The Paris-based Reporters without Border (RSF), while recording Desmisse’s illegal arrest has not reported his release. RSF said, “The SNNPR police have no jurisdiction in Addis Ababa and it is completely illegal for them to seize a journalist working there. If Desmisse is accused of breaking any law, he should be brought before a federal court in Addis Ababa, which alone has the authority to try him. In the meantime, we call for the immediate release of this journalist, especially as the reason for his arrest remains puzzling.”
Although details are scanty, reports said it appeared that Desmisse was arrested for The Reporter’s story on September 4 that three vice presidents of SNNPR had been dismissed. The story was incorrect. The newspaper however had retraced the story and issued an apology on September 8.
Meanwhile, at a ceremony in Cape Town, South Africa on October 13, Woubshet Taye, deputy editor of the Awramba Times, who is serving a 14-year prison term convicted of terrorism, was lauded for his courage. Committee to Protect Journalists (CPJ) said Taye was awarded the Press Freedom Award at the CNN MultiChoice African Journalist Awards 2013. Taye’s wife Berhane Tesfaye and young son accepted the award on his behalf.
CPJ said, “[c]hair of the judging panel and editor-in-chief of the South African weekly City Press, Ferial Haffajee said it was disappointing that ‘once again there were too many cases’ for the judges to consider in this category, which recognizes ‘excellence and provides support to African journalists who report at continuing risk to their lives and safety.'”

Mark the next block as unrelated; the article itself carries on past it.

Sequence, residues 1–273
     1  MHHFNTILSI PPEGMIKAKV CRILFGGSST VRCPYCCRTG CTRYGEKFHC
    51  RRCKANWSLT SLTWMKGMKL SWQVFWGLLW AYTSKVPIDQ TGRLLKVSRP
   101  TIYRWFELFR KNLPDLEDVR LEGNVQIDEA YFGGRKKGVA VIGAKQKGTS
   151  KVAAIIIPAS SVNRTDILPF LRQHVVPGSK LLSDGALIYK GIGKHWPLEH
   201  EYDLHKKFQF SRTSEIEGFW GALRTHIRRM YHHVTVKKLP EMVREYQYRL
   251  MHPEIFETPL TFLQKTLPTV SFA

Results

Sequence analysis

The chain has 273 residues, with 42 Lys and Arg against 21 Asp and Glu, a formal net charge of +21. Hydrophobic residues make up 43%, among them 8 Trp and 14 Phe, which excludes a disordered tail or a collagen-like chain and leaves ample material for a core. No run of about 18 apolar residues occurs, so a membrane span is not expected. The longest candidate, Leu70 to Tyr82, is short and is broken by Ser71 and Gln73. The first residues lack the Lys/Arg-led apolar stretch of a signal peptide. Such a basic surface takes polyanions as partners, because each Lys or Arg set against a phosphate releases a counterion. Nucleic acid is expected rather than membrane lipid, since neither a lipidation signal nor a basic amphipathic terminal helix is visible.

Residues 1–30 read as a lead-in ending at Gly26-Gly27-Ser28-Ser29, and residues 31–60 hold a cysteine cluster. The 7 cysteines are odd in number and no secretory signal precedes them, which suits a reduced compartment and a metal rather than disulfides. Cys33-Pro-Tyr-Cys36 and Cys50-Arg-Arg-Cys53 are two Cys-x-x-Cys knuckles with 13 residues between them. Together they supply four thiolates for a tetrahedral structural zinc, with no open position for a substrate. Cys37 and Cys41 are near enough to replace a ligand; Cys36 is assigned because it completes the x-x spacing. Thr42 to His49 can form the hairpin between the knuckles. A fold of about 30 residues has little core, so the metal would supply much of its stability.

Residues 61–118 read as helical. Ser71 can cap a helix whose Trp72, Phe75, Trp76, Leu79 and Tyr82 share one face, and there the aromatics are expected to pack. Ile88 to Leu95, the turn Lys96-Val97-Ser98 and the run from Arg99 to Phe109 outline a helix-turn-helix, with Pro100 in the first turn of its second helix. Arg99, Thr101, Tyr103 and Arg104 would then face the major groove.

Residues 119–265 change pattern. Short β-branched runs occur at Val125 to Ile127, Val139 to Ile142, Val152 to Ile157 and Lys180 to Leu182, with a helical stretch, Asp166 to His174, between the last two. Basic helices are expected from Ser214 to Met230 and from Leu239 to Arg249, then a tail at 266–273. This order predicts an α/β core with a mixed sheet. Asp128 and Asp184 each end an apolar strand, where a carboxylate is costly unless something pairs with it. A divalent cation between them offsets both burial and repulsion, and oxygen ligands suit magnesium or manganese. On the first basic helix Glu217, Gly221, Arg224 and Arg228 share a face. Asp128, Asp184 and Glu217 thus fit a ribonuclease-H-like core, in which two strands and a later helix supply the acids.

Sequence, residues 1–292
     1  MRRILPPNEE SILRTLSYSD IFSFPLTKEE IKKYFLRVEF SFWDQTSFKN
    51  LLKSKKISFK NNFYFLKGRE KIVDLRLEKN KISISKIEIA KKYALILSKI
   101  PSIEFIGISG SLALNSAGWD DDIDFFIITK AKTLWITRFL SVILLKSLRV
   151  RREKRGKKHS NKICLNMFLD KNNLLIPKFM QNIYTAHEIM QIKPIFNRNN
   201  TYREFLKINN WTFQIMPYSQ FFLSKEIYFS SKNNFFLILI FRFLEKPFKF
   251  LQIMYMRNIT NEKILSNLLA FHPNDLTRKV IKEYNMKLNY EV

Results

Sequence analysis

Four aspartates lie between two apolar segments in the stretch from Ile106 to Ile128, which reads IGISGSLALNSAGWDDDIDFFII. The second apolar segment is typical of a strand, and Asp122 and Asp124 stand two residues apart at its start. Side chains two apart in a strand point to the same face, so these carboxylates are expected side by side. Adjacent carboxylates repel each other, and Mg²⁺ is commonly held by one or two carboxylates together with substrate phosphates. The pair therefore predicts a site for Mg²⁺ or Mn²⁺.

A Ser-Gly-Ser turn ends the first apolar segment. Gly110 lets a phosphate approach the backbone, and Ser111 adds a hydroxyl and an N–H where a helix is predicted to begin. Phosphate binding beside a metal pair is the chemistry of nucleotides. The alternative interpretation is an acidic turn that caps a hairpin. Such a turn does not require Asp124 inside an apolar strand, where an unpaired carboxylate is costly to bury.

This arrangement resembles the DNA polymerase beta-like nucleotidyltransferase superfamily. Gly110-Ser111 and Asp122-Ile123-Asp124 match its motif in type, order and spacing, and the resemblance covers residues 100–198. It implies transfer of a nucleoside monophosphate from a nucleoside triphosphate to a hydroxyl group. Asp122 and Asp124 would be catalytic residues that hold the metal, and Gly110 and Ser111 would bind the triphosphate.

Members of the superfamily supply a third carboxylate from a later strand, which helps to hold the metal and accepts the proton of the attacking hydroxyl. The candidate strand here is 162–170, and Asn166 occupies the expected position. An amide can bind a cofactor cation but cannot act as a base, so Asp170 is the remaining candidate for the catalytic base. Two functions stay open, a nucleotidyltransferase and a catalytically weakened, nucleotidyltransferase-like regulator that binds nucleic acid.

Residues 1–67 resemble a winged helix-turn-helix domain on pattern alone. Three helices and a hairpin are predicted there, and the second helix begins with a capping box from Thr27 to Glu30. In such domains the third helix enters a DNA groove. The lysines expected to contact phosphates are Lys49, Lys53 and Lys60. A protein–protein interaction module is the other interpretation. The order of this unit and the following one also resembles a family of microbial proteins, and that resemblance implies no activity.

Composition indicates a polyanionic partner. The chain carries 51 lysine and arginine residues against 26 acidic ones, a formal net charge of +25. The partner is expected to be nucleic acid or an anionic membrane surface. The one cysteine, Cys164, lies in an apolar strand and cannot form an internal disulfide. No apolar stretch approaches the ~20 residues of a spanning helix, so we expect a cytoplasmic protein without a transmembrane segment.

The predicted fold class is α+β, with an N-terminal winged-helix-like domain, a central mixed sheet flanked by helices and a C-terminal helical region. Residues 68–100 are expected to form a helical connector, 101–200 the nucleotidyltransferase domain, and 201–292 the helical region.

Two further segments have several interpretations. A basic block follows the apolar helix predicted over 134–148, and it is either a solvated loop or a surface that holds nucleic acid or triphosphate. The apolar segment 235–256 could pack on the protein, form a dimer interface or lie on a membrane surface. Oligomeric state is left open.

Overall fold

Taye has served two years of his 14-year sentence that was handed down in 2012. After he was arrested in 2011, the newspaper’s editor fled the country and publication came to a halt. Berhane Tesfaye said that Taye had been moved from Addis Ababa to Ziwaye prison 83 miles away in April this year. She said although she visited him every two weeks, Taye’s father (102) and mother (90) were too old to undertake the journey.
“In September, Woubshet’s application for a presidential pardon was rejected, according to news sources,” CPJ said.
Eskander Nega is another journalist convicted for “planning, preparation, conspiracy, incitement, and attempt” under Ethiopia’s Anti-Terrorism Proclamation. He was found guilty in June 2012 and sentenced to 18 years in prison. In May the Ethiopian Federal Supreme Court upheld the conviction and sentence. Nega has now appealed to the Court of Cassation.
“Eskinder … denied all the charges against him, saying he has never conspired to overthrow the government through violence and admitting only to reporting on the Arab Spring and speculating on whether a similar movement would take place in Ethiopia. Eskinder’s wife, fellow journalist Serkalem Fasil, maintained that Eskinder is ‘a journalist, not a member of a political party,'” says PEN America that has advocated for Nega’s release.
Nega was the general manager of Serkalem Publishing House that published three newspapers, all banned in the country. He was also a columnist for news magazine Change ad the US-based Ethiomedia, which are also banned.